Making the perfect pastry is an art (hence the name pastry arts). That’s because there are countless options, interpretations, and purposes for these popular treats.
But don’t be overwhelmed by the plentiful world of pastries–once you perfect the basics, you may find yourself experimenting with more complex pastries, or even creating your own signature dessert! And good thing, because some combination of flour, fat, and water combine to form pastries in every culture, and appear in almost every type of cuisine.
If you are on the path toward professional pastry work, here are seven pastries every baker should know.
1. Croissants & Other Viennoiseries
Viennoiserie–hard to pronounce, but delicious to eat! French for “things from Vienna,” viennoiserie encompasses an entire category of well-loved pastries, like croissants, danish, brioche, and pain au raisins. Croissants are a staple of French cuisine, taught as an essential in French pastry school. Eaten for breakfast, after lunch, or to accompany dinner, croissants are known for their light, fluffy texture and buttery flavor. They also act as the foundation for a variety of other pastries, with the addition of chocolate, almonds, or various other glazes and fillings.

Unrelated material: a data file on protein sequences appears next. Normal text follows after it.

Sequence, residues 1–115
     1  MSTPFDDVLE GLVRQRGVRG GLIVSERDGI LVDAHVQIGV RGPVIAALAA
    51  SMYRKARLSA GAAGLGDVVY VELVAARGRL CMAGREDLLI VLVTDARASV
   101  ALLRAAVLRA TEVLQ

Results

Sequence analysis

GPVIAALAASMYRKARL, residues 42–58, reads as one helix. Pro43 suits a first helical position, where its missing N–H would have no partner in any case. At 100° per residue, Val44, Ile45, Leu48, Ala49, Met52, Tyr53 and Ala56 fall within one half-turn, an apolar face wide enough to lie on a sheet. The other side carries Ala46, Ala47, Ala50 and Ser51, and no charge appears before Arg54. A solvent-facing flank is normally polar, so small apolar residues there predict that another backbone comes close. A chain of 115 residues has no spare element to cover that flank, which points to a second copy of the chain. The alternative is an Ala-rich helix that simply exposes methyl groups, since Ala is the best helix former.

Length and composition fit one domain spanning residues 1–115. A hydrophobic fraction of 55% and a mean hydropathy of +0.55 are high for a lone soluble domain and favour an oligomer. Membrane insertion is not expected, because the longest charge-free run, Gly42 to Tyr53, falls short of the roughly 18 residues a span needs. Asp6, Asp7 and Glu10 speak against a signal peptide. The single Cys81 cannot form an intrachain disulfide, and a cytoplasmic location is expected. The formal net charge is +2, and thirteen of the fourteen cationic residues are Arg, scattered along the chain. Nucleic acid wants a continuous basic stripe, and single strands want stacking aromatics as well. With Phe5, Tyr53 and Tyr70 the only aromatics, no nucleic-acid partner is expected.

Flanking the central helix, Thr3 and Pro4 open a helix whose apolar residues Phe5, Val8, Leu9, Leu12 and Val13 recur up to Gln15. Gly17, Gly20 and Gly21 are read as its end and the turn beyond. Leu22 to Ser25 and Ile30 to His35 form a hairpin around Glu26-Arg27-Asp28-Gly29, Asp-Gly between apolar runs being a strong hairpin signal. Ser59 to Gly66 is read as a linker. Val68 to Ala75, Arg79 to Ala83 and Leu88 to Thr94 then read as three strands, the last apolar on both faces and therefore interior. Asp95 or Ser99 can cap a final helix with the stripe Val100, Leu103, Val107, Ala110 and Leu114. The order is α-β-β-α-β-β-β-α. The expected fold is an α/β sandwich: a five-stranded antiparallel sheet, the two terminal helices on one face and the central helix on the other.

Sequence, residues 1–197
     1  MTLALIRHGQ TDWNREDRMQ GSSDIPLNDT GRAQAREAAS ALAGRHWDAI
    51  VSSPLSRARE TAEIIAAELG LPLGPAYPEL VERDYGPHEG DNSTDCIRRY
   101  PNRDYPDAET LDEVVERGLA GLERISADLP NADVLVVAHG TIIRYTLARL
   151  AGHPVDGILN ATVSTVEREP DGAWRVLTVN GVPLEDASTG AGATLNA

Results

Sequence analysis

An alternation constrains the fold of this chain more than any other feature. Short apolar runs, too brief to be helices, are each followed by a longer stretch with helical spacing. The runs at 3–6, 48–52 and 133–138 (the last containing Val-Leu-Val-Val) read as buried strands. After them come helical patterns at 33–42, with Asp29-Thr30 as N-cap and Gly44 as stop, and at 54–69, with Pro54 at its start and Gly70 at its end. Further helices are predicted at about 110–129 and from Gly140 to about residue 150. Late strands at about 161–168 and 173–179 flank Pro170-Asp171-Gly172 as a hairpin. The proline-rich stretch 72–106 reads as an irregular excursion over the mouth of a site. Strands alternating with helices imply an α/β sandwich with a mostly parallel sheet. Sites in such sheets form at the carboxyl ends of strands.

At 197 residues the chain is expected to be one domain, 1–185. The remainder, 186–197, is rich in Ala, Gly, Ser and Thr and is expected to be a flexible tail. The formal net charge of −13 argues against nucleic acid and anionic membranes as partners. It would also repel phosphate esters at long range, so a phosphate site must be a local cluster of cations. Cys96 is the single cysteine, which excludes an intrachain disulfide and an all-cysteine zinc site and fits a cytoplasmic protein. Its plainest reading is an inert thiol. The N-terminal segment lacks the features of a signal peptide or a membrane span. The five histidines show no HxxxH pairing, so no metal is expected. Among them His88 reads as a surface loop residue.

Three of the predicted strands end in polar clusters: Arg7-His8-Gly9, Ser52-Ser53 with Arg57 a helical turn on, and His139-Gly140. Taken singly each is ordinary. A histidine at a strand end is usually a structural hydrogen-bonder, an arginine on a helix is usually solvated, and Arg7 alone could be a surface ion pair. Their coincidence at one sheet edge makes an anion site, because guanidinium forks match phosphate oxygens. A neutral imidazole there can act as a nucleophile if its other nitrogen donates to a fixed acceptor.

Like many pastries, croissants use a laminated dough. This means that it is alternatingly layered with butter and dough to create the airy texture so many know and love. Also within the viennoiseries realm is pain au chocolat, a pillowy French pastry rolled around two sticks of chocolate, and pain au raisins which may include a buttercream filling and a fruity glaze.
Pronounced “shoe,” choux is another popular type of pastry that can take many forms, both sweet and savory. Known for its crisp outer shell and airy center, choux is made using an exact combination of butter, flour, water, eggs, and sometimes, salt. Once in the oven, steam from the liquid creates hollow pockets inside–the perfect home for your favorite filling.
Baking school students can learn choux pastry as the foundation for desserts like eclairs, cream puffs, crullers, and even churros. It is also used as a key component in savory dishes like Gougeres. Perfecting choux can be a painstaking process, but when done properly, yields a final product as delicious as it is versatile.
If you’ve enjoyed an apple turnover or feasted on beef wellington, then you’ve had puff pastry. Though historians trace puff pastries back to ancient Egypt’s “salt-rising bread,” the French perfected the puff pastry and it is now a staple of French cuisine.
You’ll encounter puff pastry when making desserts like Napoleons or turnovers. Similar to many other types of pastry, puff pastry dough is made from butter, salt, water, and flour–plus a whole lot of elbow grease! Puff pastry involves repeatedly rolling dough around a cold block of butter until you’ve produced countless layers of dough. The process can be time consuming, but pays off in golden, crispy goodness.